Jun
11
2010

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Cooking with Ba Noi

by Tara

Life with ba noi is good.


Orchids

She is a kind-hearted grandmother who enjoys growing orchids and pedaling away on her miniature stationary bicycle, among many other things. She also loves to watch Korean soap operas (dubbed in Vietnamese). Occasionally, I sit with her to see if I can understand the obscenely cheesy story lines.

In this shot, the leading lady is forced to meet an awful suitor (whom her parents adore) when she is actually dating/in love with a really goofy guy her family doesn't know about. At least, I think that is what was happening.

Korean Soap Opera

Ba noi feeds us a LOT of delicious, authentic, Vietnamese food. Predictably, the meals all involve a large portion of rice which has been cooked to perfection (a far cry from the requisite boiling over, under/over cookedness and general mess which occurs every time I do it at camp).

Maybe it has something to do with the exacting proportions she uses. Check out her gigantic rice dispenser! There's enough rice in there to feed an army!

Giant Rice Dispenser

Yesterday I asked if she would teach me the next time she cooked. Today, she obliged.

"Kata!" she yelled (she calls me Kata) as she poked her head out of the kitchen, and motioned with her hand, her fingers flapping up and down like a little kid learning to say "bye bye". I smiled, confused, and she did it again, with a glint in her eye. I quickly realized gesture meant "come here." So, I scurried to the kitchen, and to my delight she explained, step by step, how to make her curried chicken.

Though we didn't speak the same language, we were still able to communicate, and as a result, I now have her recipe for this:

Vietnamese Chicken Curry

It has secretly been my lifelong dream to learn to cook from an elderly Asian woman, so I can now check one thing off of my life list! Thank you ba noi!

Ba Noi Frying Tofu

Ba noi's Curried Chicken Recipe

  • 1 kilo of chicken, cut into pieces

  • some potatoes, peeled, halved, and cooked

  • 1 head of garlic (cloves peeled)

  • 2 hot peppers

  • 2 inches ginger root

  • 2 tsp curry paste

  • 1 tsp curry powder

  • 3 tbs sugar

  • 1 tsp pepper

  • 2 tbs fish sauce

  • salt to taste (approximately 1 Tbs)

  • 1 cup water

  • 1.5 cups milk

In a food processor, blend the garlic, hot peppers, and ginger. Cut up the chicken, and coat the pieces in this blended mixture. Marinate overnight in the fridge. The next day, dip the chicken pieces in flour and then fry them in oil. Put chicken in a pot along with potatoes, curry paste, curry powder, sugar, pepper, fish sauce, and salt. Cook the chicken. Add one cup of water, then add 1.5 cups milk.

I hope I got this right, but it'll be awhile before I can try it!


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6 comments

Greetings! I have been following your journal since reading about you in the St. Cloud Times. I have cancer and it's one of the most enjoyable parts of my day! Forty years ago, I traveled freely throughout the British Isles and your adventure is making me horrifically jealous!! Thanks for sharing your story. Looking forward to your Russian adventures!
Posted by Jayne Piehl on June 16th, 2010 at 12:48 PM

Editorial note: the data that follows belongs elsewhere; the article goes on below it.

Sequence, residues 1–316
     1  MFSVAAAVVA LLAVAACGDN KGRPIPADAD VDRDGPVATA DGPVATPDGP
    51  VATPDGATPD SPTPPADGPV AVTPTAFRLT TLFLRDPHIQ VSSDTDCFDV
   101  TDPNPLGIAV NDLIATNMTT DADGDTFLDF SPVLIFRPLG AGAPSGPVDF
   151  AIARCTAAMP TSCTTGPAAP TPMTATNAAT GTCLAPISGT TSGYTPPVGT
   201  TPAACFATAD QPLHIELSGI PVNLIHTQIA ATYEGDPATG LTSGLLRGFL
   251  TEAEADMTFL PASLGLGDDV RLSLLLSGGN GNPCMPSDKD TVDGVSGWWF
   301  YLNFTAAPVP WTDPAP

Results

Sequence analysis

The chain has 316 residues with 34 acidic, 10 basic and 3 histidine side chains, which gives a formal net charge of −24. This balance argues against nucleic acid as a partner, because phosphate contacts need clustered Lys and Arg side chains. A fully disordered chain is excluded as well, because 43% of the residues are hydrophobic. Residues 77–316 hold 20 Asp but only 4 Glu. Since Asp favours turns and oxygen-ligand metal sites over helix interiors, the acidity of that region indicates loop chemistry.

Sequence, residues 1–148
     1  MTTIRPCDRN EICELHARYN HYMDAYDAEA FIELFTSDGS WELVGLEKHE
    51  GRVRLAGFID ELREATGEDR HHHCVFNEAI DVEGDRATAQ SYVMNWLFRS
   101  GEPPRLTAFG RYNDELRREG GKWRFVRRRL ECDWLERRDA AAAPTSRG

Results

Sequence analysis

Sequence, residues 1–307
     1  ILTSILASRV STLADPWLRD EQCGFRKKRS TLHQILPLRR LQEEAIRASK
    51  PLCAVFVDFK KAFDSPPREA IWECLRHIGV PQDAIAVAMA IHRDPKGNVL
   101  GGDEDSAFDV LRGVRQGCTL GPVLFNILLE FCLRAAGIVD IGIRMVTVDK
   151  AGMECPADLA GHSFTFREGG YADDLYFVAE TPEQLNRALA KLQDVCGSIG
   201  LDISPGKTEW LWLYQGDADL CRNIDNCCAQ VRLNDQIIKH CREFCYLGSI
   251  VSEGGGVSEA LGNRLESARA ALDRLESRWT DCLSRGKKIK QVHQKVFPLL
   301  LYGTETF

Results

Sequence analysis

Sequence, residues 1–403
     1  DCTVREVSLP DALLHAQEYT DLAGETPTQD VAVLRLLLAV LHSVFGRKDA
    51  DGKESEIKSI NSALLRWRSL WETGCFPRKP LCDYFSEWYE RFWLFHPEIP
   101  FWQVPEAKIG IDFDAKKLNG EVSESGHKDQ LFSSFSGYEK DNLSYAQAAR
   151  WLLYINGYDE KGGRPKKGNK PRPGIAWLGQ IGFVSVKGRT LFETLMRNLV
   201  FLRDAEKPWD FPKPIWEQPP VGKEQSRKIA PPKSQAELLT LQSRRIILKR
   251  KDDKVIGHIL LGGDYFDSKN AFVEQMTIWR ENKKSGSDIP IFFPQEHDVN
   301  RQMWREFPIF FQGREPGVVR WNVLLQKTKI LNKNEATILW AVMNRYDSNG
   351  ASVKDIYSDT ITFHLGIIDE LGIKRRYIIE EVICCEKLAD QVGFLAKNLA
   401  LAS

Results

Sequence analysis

Thanks for posting the recipe Tara! Once things calm down here I promised Dan I would make it for him. He is hopping around the living room already in excitement. :) I am sure you have a great mental image of that now!
Miss you!
Julia and DAN
Posted by Julia Hartman on June 16th, 2010 at 3:44 PM
Hey kids!!! Keep it up you arfe doing so well. Best of luck on your continued journey. Miss u lots.
--maestro kurt
Posted by maestro kurt on June 17th, 2010 at 2:49 AM
We'll definitely be trying this! What do you do once you've put in the water and milk - do you let it cook gently for a little while? Sounds delish. Thanks so much for posting it.
Posted by Friedel on June 17th, 2010 at 6:16 AM
Hi Guys,
that was a funny and nice article. Hope you had a great time here in Berlin.
Have fun in East Europe and be careful! ;)

Greetings
Ba Noi's grandson
Posted by Maurice on June 22nd, 2010 at 5:28 PM
Jayne - Thank you for your comment, and for taking the time to say hello. We are touched that our journey is having such a positive impact in your life. Whenever we don't feel like journaling, we'll think of it brightening your day somewhere in Minnesota, and I'm sure that will get us inspired to write again. We'll be sending you healing thoughts from around the world!

Julia - LOL yes, I have a crystal clear mental picture, and I laughed so hard! I didn't know Danny liked curry so much! Anyway, when you try it, let me know how it goes. Miss you guys! Sending hugs from Poland now.

Maestro - Hi! It is wonderful to hear from you! Thanks for the kind words. We think of you guys often, and miss you too! All our best to you, Maestro Jim, and our classmates!

Friedel - It was delicious. If you try it, please let me know how it goes. About the cooking gently -- I'm not sure what ba noi does, but I would assume that you let it simmer for awhile. Like a soup, the longer it slow-cooks, the more the flavors come out? I'm not sure, let me know how it goes? Good luck!

Maurice - It was so nice to meet you and your family! Please thank your grandmother again for us. We had a great time with her in Berlin! Hopefully she enjoyed her birthday surprise trip to Paris. :-)

Posted by Tara on June 23rd, 2010 at 3:01 AM
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